NOTE: This means you’re guaranteed to arrive with a whole horde of other tourists, but I found that crowds thinned out considerably once you walked deeper into the garden.

Keukenhof Gardens Tickets FAQ

Alright, I think I’ve answered most of the main questions you might have about Keukenhof tickets, but juuuust in case, here are some final frequently asked questions (in case you skimmed above or wanted to skip my overly verbose explanations).

Can you buy Keukenhof tickets online?

Yes! You can easily buy all the tickets mentioned above online.

Click here to buy your regular entry ticket in advance.

Click here to book an Amsterdam to Keukenhof day tour (starting at 34 euros)

Click here to shop for Keukenhof attraction bundles.

Which Keukenhof bus should I take?

As I mentioned earlier, the term Keukenhof Express is a little bit confusing because there are multiple. The bus you should take depends on where you are coming from.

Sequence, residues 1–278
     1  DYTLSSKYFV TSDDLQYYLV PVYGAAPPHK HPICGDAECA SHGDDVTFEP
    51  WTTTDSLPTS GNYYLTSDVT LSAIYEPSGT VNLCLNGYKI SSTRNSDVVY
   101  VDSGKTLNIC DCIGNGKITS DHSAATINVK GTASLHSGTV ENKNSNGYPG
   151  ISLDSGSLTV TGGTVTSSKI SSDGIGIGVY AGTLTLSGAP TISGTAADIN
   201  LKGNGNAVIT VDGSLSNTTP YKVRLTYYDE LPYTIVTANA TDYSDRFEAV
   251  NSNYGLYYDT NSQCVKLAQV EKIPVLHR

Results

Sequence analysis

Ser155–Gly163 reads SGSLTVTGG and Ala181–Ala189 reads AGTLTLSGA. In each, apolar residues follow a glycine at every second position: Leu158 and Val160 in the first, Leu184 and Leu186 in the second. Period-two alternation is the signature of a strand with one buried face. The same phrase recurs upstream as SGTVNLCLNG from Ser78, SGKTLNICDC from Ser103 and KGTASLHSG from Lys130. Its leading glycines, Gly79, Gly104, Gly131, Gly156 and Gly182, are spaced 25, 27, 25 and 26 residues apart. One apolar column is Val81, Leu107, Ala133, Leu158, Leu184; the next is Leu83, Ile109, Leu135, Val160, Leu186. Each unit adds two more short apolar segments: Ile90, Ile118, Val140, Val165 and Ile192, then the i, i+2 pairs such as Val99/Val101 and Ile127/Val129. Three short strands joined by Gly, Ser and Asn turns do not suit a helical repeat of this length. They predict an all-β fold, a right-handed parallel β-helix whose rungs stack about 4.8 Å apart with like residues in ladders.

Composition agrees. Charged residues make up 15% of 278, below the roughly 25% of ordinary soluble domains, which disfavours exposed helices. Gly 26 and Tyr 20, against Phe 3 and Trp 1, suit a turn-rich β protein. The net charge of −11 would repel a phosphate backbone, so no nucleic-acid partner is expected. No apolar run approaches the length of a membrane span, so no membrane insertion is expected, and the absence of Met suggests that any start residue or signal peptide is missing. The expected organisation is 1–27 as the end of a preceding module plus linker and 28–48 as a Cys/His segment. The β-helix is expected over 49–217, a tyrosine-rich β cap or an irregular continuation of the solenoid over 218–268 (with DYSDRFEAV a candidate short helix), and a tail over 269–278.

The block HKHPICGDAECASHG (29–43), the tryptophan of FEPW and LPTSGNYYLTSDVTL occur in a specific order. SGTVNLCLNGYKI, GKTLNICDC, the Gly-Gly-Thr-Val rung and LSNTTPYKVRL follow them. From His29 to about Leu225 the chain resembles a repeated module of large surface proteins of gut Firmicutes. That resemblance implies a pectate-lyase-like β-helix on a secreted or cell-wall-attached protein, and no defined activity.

For Keukenhof Express trains, you have the 852 (from Europaplein Metro Station), 854 (from Leiden), 858 (from Schipol Airport).

You could also catch the 50 bus from Haarlem and the 90 bus from Katwijk, Noordwijk, Noordwijkerhout.

Which Keukenhof tours are the best?

To be honest, most Keukenhof tours offer an identical service: transfers to/from Keukenhof along with your ticket.

Unless you are booking something unique or special, there won’t be a huge difference in terms of what you get. If you’re looking for a reliable option, here is a 5 star rated one that starts at only 34 euros.

How far in advance should I buy tickets to Keukenhof?

I’d definitely recommend getting your Keukenhof tickets before you arrive as you should secure your timeslot if you are 100% set on going. Tickets are 3.50 euro more expensive when you buy them in-person, and they can sell out during peak periods.

NOTE: If you find that the official website is sold out of tickets, do check on third party sites like GetYourGuide for tours/combo tickets. I find they often have availability even if the main site doesn’t.

Even this tour from Amsterdam has availability for tomorrow!

Any more questions about Keukenhof tickets?

I hope you found this guide helpful! If you have any more questions about buying tickets for Keukenhof, let me know in the comments and I can try to help you out! Safe travels, and have fun frolicking amongst the flowers!

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✈️ Google Flights: For finding flight deals

🌎 WorldNomads: For travel insurance

🎉 GetYourGuide: For booking activities